Hilariously while I was reading this story, I couldn’t stop thinking about both The Good Place and a new show called Superintelligence. I think this speaks to how forward-thinking Bulter was for her time. Instead of buying into the omnipotent superior being trope, she instead questions it and tries to add her own ideas. These shows do the same. The Good Place does this through the use of philosophy questioning the total summation of the goodness of humanity, whereas Superintelligence focuses on one woman who is extremely good as a shining example of humankind.
In Superintelligence, Melissa Mcarthy is a woman who has left her job to focus on doing good in the world rather than climbing the corporate ladder. Her focus here makes it so that she also pushes away her boyfriend. However, when a superintelligence sent to judge humanity comes along and takes an interest in her, she has to prove to it that humans are good and don’t deserve to be obliterated from the universe. She comes up with ideas to help the world, which the superintelligence sometimes supports and other times does not. It is an interesting parallel between these two stories.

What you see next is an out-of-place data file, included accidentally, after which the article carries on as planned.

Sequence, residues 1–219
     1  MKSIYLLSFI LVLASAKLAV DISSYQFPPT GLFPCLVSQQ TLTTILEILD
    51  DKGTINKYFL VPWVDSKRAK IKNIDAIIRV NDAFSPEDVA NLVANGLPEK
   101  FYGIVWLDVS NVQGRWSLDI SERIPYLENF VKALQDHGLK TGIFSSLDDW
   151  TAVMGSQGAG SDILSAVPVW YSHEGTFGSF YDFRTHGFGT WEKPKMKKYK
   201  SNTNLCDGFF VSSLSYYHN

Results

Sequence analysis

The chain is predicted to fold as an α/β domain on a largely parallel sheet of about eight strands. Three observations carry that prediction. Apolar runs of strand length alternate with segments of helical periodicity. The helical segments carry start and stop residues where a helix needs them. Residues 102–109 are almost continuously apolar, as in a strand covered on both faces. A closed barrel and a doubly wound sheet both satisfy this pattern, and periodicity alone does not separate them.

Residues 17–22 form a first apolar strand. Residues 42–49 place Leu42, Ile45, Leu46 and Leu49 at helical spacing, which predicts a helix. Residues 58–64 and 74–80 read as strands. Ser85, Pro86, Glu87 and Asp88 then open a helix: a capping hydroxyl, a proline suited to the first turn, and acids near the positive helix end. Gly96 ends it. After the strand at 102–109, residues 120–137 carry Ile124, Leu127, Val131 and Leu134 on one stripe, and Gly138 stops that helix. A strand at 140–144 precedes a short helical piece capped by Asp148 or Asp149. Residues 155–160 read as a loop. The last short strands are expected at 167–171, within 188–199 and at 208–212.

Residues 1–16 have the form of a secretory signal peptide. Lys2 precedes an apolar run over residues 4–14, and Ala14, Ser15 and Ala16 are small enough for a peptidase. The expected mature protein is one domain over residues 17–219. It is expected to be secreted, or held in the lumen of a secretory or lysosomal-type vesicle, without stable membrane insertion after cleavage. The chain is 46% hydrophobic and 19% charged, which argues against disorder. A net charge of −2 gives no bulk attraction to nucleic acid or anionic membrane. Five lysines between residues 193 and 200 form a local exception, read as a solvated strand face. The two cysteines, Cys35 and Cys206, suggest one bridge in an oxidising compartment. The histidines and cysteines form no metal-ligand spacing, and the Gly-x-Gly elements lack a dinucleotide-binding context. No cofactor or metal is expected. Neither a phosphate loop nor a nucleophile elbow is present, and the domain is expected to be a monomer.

It is also interesting that the main character in both are women. They dawn the classic maternal role of wanting to take care of those around them and give them an easier life. In both cases, it is the “omnipotent” being that brings in the checks and balances.